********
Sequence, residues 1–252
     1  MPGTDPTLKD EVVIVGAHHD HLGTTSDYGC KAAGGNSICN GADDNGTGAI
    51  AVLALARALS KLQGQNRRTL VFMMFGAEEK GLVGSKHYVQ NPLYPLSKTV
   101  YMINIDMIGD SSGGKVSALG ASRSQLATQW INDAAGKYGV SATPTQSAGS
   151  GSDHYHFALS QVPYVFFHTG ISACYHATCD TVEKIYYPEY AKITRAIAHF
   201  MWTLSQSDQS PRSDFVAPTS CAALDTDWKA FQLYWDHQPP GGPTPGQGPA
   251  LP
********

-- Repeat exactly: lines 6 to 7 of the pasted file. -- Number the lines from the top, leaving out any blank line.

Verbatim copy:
   201  MWTLSQSDQS PRSDFVAPTS CAALDTDWKA FQLYWDHQPP GGPTPGQGPA
   251  LP